The Federal Bureau of Investigation is questioning whether Lawrence Police officers have improperly posed as federal agents when interrogating suspects, the Journal-World has learned.
The FBI inquiry stems from allegations that Lawrence Police claimed to be agents from the FBI when questioning people during the police investigation of an alleged fencing operation at the Yellow House secondhand shop, 1904 Mass.
"We are attempting to resolve whether or not a person or persons falsely represented themselves as FBI agents," FBI spokesman Jeff Lanza confirmed Wednesday.
Lanza would not comment further.
But sources with knowledge of the investigation told the Journal-World the FBI inquiry was prompted by complaints from Sarah Swain, attorney for the secondhand store, and others close to the fencing probe.
The sources also said the FBI was never involved in the actual fencing investigation, but was only involved because of allegations against the police.
The Lawrence Police Department would not comment for this article because it involved another agency's investigation, spokeswoman Kim Murphree said Wednesday.
Agents from the FBI have already met with Swain and the police department, in part to establish that the FBI was not actually involved in investigating the Yellow House.
The meeting between Lawrence Police Sgt. Mike Pattrick and FBI Special Agent Bob Shaefer was at the request of Swain, who had heard from Yellow House owners Guy and Carrie Neighbors and others that FBI agents were using the Douglas County Law Enforcement Center to interview people who sold merchandise to the store.
That allegation culminated in a sworn affidavit from Lawrence resident Laura Helm, who said two men identifying themselves as FBI agents had taken her from her brother's home to the police station to interview her.
According to the affidavit, the men questioned Helm for 90 minutes before driving her back to her brother's home.
"They questioned me about items I had sold to the Yellow House in the past," she said in the affidavit. "They told me they obtained my name through checks that were written by the Yellow House."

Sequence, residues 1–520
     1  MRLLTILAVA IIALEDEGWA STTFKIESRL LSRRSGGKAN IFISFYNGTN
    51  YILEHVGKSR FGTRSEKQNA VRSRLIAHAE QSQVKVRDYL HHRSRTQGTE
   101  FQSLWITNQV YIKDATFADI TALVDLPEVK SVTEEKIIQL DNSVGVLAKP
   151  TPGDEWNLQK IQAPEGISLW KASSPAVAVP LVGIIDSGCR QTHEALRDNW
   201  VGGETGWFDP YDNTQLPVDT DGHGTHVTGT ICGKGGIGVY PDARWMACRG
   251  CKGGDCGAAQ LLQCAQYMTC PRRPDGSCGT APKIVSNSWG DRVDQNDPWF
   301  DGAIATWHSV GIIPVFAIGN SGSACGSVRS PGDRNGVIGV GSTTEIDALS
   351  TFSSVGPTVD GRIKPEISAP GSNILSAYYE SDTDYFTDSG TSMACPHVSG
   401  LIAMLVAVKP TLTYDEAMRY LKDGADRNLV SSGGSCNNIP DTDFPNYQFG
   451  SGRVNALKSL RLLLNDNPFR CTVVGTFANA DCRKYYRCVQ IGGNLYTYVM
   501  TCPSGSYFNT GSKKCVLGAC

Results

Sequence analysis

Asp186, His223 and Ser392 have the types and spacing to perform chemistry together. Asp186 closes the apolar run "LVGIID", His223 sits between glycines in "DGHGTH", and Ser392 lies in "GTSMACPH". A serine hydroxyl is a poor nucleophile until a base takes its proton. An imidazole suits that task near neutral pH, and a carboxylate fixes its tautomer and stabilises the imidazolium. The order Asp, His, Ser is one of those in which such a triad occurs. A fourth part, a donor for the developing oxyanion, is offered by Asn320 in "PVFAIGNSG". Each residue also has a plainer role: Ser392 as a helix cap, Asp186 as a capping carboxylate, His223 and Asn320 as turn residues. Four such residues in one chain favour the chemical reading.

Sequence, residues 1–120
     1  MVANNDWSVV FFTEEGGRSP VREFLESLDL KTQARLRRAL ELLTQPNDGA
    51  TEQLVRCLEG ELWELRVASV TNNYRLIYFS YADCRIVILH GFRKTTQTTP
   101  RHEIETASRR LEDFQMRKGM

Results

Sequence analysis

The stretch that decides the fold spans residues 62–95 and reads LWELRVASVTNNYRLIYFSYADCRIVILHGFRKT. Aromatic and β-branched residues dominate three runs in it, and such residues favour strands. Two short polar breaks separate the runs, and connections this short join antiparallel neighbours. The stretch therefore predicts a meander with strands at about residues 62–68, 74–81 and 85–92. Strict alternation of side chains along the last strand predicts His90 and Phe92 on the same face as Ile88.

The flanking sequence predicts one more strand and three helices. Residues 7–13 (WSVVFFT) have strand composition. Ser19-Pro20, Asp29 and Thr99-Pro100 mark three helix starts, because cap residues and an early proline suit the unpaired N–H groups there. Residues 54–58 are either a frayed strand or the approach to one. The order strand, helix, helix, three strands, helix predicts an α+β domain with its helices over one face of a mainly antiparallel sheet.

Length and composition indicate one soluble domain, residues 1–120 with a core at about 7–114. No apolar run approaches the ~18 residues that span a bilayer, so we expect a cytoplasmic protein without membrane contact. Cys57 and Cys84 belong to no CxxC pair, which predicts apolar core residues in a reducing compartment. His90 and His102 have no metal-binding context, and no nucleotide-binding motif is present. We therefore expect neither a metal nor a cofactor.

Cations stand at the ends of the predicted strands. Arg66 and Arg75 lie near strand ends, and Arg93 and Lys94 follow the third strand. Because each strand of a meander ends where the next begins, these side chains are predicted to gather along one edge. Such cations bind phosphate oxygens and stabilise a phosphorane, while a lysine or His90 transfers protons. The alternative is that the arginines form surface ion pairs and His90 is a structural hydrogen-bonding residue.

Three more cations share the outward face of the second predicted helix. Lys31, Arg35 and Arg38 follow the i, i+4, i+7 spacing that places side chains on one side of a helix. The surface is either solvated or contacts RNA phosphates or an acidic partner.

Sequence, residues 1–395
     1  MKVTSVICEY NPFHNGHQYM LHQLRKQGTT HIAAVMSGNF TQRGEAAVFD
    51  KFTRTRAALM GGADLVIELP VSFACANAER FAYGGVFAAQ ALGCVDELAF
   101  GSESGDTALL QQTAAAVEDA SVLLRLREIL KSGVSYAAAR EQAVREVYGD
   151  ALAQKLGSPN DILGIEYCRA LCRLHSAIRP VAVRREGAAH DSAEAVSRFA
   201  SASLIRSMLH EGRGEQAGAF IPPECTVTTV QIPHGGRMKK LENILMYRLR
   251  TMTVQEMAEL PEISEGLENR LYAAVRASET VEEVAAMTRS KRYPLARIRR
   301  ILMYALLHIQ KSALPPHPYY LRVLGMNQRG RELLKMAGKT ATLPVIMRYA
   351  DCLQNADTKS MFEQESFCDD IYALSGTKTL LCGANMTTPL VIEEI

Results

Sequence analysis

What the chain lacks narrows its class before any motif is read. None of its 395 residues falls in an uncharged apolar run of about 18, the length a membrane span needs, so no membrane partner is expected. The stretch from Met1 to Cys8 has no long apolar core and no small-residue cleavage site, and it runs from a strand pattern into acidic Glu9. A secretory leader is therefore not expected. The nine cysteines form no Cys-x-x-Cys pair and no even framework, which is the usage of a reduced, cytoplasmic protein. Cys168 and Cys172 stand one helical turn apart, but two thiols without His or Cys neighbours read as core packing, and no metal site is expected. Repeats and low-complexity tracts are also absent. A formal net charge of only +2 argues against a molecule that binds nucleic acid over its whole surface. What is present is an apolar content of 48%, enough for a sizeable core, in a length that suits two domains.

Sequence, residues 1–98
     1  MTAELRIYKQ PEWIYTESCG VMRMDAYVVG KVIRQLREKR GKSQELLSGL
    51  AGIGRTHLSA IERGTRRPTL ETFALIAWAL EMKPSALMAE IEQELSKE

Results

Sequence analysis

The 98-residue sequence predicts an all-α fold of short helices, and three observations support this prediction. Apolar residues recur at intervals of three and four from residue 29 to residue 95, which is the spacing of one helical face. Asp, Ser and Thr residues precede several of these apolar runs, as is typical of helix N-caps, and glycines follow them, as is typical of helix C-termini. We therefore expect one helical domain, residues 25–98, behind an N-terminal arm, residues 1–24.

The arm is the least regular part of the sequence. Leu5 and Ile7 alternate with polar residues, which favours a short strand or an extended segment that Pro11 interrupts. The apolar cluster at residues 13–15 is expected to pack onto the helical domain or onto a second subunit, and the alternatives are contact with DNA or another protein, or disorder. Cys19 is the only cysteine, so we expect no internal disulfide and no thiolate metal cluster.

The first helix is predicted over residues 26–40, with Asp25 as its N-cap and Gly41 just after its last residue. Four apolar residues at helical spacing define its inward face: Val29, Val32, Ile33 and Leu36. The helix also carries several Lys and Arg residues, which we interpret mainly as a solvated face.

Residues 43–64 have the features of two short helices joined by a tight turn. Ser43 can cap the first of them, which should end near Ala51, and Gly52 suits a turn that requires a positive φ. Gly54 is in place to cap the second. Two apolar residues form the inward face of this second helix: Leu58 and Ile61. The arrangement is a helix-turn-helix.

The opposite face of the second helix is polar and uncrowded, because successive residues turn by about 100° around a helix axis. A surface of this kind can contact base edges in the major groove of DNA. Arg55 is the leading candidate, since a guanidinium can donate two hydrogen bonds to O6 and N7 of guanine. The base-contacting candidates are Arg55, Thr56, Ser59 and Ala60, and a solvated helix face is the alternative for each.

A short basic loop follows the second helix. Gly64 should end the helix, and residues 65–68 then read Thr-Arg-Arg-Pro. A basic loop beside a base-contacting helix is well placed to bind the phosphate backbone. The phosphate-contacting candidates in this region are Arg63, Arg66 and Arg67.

Helm said in the affidavit that the men had guns and badges on their belts, and that at least one of the men knew the door code needed to enter the Law Enforcement Center.
More about the investigation
- Letter from Police Chief Ron Olin to Sarah Swain about the investigation (.pdf)
- Affidavit on alleged improper tactics used by police officers (.pdf)
- Police search Yellow House in stolen goods investigation (05-09-06)
- Fliers provide false information about Yellow House probe (04-14-06)
- Yellow House store owners to have party to thank supporters (03-02-06)
Helm is on probation for attempted forgery and reported the incident to Harley Eddis, her probation officer, the affidavit said.
During the meeting of Swain, Pattrick and Shaefer, Swain said both men told her the FBI had no involvement in the Yellow House investigation.
"Shaefer told me that the FBI would not be involved," Swain said. "There is no interagency task force or anything like that."
When Swain contacted the police department to confirm the FBI's involvement in the investigation of her clients, Lawrence Police Chief Ron Olin would only confirm that the appropriate federal agents had been contacted, according to a letter from Olin to Swain, a copy of which was obtained by the Journal-World.
"(LPD) Officer (Jay) Bialek assures me that he has contacted the agents involved and has informed them of your wish to be contacted," he wrote Swain.
Bialek is involved in the investigation of the Yellow House.
Olin said in the letter that he would not name any federal investigators involved, but did mention the meeting between Swain, Pattrick and Shaefer, and said that all further questions should be addressed to U.S. Atty. Marietta Parker, who is handling prosecution on the federal level.
Jim Cross, spokesman for the U.S. Attorney's Office, would not comment on whether his office was involved in the fencing investigation.
Yellow House, 1904 Mass.
Police acknowledged assistance from the Internal Revenue Service and the U.S. Postal Service in a news release from December when police served an initial search warrant against Yellow House.
The release called the alleged fencing operation, which entails the purchase and resale of stolen goods, "one of the largest, most sophisticated fencing operations we have seen in Lawrence."
The statement also said the findings were the result of a two-month investigation.
Since then, police have offered little in the way of evidence or information regarding the alleged fencing operation until last month, when police again served a search warrant against the business.
So far, there have been no charges or arrest warrants filed in the Yellow House case.